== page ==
Learning a new language can be tricky, we all know it. Besides learning grammar rules and studying endless list of vocabulary words by heart, there is no better way to learn than to actually practice. There are many ways to practice a foreign language other than going abroad and talking to locals. If you do not feel ready to talk to other people just yet, you could start by watching movies or reading books in the language you are trying to learn! This will help you improve your receptive skills and put you one step further to mastering the language!

My advice would be to start with a book you have already read in your own language! You will know the story, which will allow you to spend more time on learning new vocabulary and memorizing recurrent grammar structures!

Here are a few suggestions of books featuring Edinburgh or Scotland in general to get you in the Scottish mood!

Outlander, Diana Gabaldon



How can I write an article about Scotland in literature without mentioning Diana Gabaldon’s series?! Dive into the Outlander books and travel through time and space, visit the Highlands, discover the daily life of 18th century Scotsmen and women, and even learn a few words of Gaelic! Gabaldon certainly does a beautiful job of transporting you all across Scotland.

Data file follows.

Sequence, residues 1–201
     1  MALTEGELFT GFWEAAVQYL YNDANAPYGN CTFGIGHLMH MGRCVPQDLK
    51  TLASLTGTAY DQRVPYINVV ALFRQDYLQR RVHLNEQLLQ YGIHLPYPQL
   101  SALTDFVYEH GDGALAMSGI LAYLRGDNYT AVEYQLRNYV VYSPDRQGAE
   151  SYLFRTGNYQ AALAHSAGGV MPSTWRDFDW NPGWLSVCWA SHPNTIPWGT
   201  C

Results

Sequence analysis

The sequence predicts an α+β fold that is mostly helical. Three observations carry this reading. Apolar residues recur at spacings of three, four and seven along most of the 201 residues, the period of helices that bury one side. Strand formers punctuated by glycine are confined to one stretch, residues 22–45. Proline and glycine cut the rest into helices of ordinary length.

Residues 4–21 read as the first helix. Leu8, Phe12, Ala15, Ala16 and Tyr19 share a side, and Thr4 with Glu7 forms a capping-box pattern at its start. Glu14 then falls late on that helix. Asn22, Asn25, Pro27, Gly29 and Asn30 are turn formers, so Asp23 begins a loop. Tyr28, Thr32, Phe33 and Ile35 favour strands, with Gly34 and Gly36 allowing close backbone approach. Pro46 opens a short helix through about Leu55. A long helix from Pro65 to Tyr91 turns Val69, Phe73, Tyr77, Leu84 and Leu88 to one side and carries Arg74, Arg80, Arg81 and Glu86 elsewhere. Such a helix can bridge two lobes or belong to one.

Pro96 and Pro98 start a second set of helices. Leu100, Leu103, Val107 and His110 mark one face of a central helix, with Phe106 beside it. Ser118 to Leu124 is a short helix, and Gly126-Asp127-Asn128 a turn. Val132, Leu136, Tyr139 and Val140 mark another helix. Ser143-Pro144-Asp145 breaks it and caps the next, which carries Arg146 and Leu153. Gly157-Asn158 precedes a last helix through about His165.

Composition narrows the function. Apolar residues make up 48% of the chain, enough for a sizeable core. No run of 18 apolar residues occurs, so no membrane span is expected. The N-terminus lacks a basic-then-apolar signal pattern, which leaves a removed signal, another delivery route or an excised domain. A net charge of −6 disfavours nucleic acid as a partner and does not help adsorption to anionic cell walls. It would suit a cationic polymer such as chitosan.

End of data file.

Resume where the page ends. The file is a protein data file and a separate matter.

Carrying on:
One Day, David Nicholls



The novel retraces the intertwined lives of the two protagonists, Emma and Dexter, every year on the same day, July 15, for 20 years. The story begins with the two young students graduating from the University of Edinburgh and follows them throughout adulthood. Fall in love with this story and the city at the same time!

44 Scotland Street, Alexander McCall Smith



44 Scotland Street is an episodic novel that was first published as a serial in the daily newspaper The Scotsman. Now the series already counts 12 books, of which 44 Scotland Street is the first. The novels tell the story of the tenants of a building located at 44 Scotland Street in New Town, Edinburgh. You will certainly love the humour and the insightful observations about Edinburgh society portrayed through the author’s recurring characters!

Trainspotting, Irvine Welsh



Scottish writer Irvine Welsh wrote a series of short stories collected in Trainspotting about residents of the Leith neighbourhood in Edinburgh. The story revolves around heroin users, friends of heroin users and people engaging in activities linked to different addictions just as destructive. It has become a worldwide phenomenon and many tourists now walk the streets of Edinburgh retracing the steps of Welsh’s characters.

The Prime of Miss Jean Brodie, Muriel Spark



First published in The New Yorker magazine, the 1961 novel is now featured on the 2005 list of the 100 best English-language novels of the 20th century. The novel follows a young teacher in her ‘prime’ namely, Miss Brodie and the relationships she forges with her pupils. Set in the Edinburgh of the 1930s, it’s certainly a book you do not want to miss!

Get reading and start learning!